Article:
Two Cases of the H5N1 Strain of Avian Flu Found in Humans

Epidemiologists around the world are keeping a close eye on the H5N1 strain of avian influenza. Identified in two human cases in Cambodia in February 2023, the H5N1 viruses are from clade These strains are different from the H5N1 viruses now spreading throughout wild birds and poultry populations in the U.S.

“I’m keeping a close eye on it as an expert, but as a member of the community, as a parent and someone who [has been] recently experiencing the COVID-19 pandemic, I’m not worried about this right now,” said Caitlin Rivers, an epidemiologist at the Johns Hopkins Center for Health Security. “This is an animal health issue right now that has a theoretical risk to become a human health issue.”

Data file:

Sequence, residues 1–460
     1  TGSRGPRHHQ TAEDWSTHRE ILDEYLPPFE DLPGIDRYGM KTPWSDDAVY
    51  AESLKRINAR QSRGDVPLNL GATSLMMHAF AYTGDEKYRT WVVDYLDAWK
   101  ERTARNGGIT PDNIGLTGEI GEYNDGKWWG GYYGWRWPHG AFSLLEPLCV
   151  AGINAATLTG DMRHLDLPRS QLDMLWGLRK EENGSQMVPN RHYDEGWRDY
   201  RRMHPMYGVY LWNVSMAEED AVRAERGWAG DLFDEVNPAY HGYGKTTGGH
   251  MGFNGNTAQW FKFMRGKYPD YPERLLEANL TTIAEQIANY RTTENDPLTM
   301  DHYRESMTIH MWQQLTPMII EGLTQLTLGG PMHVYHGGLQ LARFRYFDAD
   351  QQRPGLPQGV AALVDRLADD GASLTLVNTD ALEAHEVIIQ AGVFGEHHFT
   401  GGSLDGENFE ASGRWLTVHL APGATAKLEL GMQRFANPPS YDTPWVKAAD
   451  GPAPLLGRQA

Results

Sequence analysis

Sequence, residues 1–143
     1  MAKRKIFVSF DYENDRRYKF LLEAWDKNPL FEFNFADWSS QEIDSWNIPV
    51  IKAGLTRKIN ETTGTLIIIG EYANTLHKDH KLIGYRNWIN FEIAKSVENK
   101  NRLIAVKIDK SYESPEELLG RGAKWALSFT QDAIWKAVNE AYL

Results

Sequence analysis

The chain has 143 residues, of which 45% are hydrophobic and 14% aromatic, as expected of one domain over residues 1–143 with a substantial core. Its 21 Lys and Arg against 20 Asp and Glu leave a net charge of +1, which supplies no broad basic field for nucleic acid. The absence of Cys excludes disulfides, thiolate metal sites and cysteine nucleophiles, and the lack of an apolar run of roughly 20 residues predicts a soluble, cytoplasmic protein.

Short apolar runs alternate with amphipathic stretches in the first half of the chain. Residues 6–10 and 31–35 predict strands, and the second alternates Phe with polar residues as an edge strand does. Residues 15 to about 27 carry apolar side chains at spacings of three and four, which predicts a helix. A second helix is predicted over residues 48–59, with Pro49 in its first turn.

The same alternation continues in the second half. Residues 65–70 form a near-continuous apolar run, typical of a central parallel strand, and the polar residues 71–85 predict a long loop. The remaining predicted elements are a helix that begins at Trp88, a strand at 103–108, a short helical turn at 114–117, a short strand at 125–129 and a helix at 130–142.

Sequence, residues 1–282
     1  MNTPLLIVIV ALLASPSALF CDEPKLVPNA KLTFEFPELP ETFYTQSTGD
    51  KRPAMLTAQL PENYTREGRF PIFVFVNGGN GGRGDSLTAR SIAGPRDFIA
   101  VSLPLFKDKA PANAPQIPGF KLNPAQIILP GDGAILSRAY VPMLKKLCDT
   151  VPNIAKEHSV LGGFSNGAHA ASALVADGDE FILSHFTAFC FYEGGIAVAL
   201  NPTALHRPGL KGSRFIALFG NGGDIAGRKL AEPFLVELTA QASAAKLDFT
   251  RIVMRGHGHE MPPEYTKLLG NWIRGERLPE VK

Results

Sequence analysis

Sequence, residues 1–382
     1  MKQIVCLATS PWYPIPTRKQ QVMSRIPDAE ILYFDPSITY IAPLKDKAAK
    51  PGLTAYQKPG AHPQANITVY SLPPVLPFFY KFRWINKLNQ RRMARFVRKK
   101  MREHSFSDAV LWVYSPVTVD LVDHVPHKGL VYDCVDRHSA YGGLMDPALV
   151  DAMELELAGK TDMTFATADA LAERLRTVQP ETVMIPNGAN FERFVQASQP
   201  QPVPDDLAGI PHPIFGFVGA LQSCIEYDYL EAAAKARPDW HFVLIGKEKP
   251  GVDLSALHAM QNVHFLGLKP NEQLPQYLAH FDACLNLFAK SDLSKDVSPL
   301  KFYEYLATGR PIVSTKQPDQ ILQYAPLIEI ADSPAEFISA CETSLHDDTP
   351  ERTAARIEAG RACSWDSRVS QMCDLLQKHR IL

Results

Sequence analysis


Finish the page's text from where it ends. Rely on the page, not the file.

Recently, scientists have found the H5N1 virus infecting mammals around the globe, including minks in Spain, seals in Scotland, and sea lions and dolphins in South America. While human-to-human transmission has rarely been documented, the potential spillover of H5N1 from birds to mammals remains an issue of concern to epidemiologists.  

The U.S. retains a stockpile of egg-based vaccines for the H5N1 strain. Additional efforts to develop effective vaccines are also underway.

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